Gwindor can’t tell him that.
Gwindor can’t tell anyone.
“That was better,” Fingon says encouragingly, drawing his cousin’s red hair back with practiced tenderness as Russandol retches again. The gentle brightness of his voice is at odds with the drawn look upon his face, but of course Russandol cannot see that.
“Every time, you keep it down a little longer,” Fingon soothes. He lets go of Russandol’s hair a moment, to place a careful, reassuring hand between his spasming shoulder-blades, on one of the small, unmarked places amidst the whip-scars.
“Every time, Maitimo! That’s progress. You’re getting stronger. This sort of reaction is only to be expected, really, at this stage, but you are improving faster than I had even hoped. You’re doing—you’re doing so well.”
“Oh aye, it’s been hell,” says Davy. Davy is the name of one of Fingolfin’s men—his former coachman, as he readily explains, who rather than seek other employment in New York City decided to throw in his lot with Fingolfin and go west. He has the look of a man who used to weigh a good deal more than he now does, and he sets to at breakfast as though eager to make up for lost time.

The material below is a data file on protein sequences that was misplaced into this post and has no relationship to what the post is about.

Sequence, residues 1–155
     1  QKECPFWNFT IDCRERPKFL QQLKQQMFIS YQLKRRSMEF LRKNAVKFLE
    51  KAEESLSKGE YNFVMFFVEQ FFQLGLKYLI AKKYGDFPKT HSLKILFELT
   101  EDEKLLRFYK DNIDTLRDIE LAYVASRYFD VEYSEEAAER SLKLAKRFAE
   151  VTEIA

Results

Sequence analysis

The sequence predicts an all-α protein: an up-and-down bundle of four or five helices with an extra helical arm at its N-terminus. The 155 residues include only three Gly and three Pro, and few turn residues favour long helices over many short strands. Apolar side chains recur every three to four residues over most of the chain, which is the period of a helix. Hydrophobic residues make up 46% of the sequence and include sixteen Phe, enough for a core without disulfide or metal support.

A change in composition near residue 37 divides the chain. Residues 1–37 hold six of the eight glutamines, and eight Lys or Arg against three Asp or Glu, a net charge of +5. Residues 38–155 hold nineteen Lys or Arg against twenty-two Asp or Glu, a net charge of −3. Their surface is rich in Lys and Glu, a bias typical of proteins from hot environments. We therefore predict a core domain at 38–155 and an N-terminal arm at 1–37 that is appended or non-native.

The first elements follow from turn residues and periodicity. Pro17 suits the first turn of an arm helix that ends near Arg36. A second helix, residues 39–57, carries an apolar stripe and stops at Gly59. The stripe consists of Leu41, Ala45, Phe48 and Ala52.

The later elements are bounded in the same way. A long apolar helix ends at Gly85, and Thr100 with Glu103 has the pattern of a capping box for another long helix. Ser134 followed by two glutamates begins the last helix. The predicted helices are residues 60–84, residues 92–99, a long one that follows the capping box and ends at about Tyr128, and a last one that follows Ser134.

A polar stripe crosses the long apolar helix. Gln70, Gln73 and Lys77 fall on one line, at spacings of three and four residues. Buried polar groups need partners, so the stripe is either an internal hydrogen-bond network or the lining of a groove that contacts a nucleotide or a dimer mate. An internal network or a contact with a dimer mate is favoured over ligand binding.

Gwindor, who finds his stomach a little uneasy and unused to proper cooking again, eats much more slowly. To his advantage, however, his more measured pace allows him to be a more attentive and encouraging audience.
Davy shoves the last of his griddlecakes into his mouth and chews enthusiastically, leaning back on the bench. “Took us over a year to make it here, when the plan from the start had us in California in less than six months. It was all that Feanor’s fault, you know—but it don’t do well to speak ill of the dead, so I won’t say any more about him. I’ll warrant you’ve heard enough—